By Marc Blackman

Applying the PTAB’s precedential NHK decision, the PTAB exercised its discretion to deny institution of three timely filed IPR petitions due to the advanced stage of a related district court action.  Intel Corporation v. VLSI Technology LLC, IPR2020-00112, Paper 15 (PTAB May 19, 2020); IPR2020-00113, Paper 15 (PTAB May 19, 2020); IPR2020-00114, Paper 15 (PTAB May 19, 2020).

VLSI Technology had sued Intel in the Western District of Texas for infringement of U.S. Patent No. 6,366,522.  That case was consolidated for pre-trial purposes with two other cases VLSI also filed against Intel.  Trial is currently scheduled for October 5, 2020 in all three of these cases, even though they are not consolidated for trial.

Seven months after being sued for infringement of the ’522 patent, Intel filed three IPR petitions challenging the claims of that patent.  Despite being filed well before the one-year time bar, VLSI challenged the petitions contending that the PTAB should exercise its discretion to deny them for the same reasons as presented in NHKAs we previously reported here, the PTAB may exercise its discretion to deny institution due to the “advanced state of the district court proceeding” because the “[i]nstitution of an inter partes review under these circumstances would not be consistent with ‘an objective of the AIA . . . to provide an effective and efficient alternative to district court litigation.’”

The PTAB agreed with VLSI finding that instituting IPR proceedings here would be an inefficient use of Board, party and judicial resources.  The PTAB noted that the parties had made a significant investment in the district court action having already exchanged infringement and invalidity contentions, and nearly completed fact discovery.

The PTAB also found that the October 5, 2020 trial date weighed in favor of denial, even though the PTAB recognized that trial may not proceed on that date for multiple reasons.  First, the PTAB found that two of the three cases set for trial on October 5, 2020 would not occur on that date.  Second, the PTAB noted that all trials currently are suspended in the Western District of Texas through June 30, 2020 in view of the coronavirus pandemic and that it was unclear what impact that may have on the trial date.  Despite these uncertainties, the PTAB found that even if the trial date were changed, it is likely to take place before May 2021 when the final written decisions would be issued.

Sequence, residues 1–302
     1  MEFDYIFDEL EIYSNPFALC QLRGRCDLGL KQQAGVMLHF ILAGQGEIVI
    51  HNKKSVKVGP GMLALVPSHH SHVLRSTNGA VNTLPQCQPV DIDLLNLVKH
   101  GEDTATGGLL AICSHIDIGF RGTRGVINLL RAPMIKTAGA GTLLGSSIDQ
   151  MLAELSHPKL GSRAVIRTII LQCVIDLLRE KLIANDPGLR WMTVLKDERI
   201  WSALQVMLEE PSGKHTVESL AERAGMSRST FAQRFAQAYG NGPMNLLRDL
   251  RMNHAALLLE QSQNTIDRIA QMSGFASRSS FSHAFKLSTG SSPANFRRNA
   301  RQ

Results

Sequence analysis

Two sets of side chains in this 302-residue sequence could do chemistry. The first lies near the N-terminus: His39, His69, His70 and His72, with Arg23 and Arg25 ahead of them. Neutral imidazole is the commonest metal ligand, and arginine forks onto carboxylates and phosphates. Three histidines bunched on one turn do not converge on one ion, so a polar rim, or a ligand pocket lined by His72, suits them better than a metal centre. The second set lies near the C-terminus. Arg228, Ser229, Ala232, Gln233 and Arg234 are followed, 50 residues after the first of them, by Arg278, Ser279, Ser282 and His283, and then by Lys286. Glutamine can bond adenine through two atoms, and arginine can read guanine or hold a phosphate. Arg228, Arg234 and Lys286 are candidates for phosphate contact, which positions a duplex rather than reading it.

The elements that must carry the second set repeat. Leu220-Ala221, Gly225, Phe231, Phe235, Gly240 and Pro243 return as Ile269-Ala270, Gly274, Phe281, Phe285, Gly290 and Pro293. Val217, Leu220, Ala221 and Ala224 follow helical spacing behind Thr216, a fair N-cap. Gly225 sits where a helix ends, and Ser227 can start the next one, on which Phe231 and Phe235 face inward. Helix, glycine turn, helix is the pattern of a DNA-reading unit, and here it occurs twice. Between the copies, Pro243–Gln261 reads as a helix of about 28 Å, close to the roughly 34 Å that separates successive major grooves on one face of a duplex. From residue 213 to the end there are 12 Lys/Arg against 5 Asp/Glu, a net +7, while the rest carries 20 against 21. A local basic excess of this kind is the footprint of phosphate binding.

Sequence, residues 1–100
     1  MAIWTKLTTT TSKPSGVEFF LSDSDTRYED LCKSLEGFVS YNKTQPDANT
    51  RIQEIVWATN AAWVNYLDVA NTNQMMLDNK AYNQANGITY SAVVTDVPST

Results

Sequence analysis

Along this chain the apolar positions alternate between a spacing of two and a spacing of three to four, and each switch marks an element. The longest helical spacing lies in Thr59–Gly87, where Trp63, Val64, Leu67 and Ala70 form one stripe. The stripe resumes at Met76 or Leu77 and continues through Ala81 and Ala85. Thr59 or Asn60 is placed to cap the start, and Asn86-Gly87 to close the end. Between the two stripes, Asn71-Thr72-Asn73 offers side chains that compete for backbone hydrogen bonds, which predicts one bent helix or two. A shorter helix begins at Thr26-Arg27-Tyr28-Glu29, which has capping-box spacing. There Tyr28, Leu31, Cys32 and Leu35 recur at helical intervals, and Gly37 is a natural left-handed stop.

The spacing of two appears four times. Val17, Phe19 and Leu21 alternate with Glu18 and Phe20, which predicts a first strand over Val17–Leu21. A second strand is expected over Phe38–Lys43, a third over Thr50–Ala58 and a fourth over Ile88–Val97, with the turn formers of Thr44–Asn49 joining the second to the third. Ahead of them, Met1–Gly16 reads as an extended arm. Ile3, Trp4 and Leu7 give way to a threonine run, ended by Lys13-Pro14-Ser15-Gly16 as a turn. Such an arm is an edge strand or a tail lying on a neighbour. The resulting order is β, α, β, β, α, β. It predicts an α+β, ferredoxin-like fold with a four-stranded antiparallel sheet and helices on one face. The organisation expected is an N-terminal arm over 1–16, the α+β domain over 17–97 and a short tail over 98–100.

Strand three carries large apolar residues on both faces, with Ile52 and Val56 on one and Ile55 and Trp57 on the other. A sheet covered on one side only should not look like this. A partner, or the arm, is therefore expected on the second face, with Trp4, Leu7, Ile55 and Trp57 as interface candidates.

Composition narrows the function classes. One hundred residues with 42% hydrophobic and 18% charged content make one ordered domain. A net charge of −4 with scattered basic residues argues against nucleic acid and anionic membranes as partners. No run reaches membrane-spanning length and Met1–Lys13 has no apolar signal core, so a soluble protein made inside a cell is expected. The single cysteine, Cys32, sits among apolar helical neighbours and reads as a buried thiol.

Accordingly, the PTAB found that the circumstances of the related district court action supported denial of the IPR petitions, regardless of their merits.


These decisions present another reminder that the PTAB may exercise its discretion to deny IPR petitions even if they are filed before the one-year time bar.  Petitioners should consider the case schedule of any related action in evaluating how promptly they may need to file an IPR petition to minimize the risk of the PTAB denying the petition.  Patent Owners, on the other hand, should consider challenging petitions based on the stage of any related action.

The following two tabs change content below.

Marc S. Blackman

Marc Blackman is an intellectual property attorney with more than 20 years of experience representing clients in high-stakes patent infringement cases in federal courts throughout the country. He also represents clients in patent disputes before the International Trade Commission and the USPTO Patent Trial and Appeal Board. Marc handles cases involving a wide range of technology, including computer hardware and software, semiconductor structures and fabrication, wireless communication, mobile devices, digital cameras, image sensors, LEDs, flash memory, and other consumer electronics products.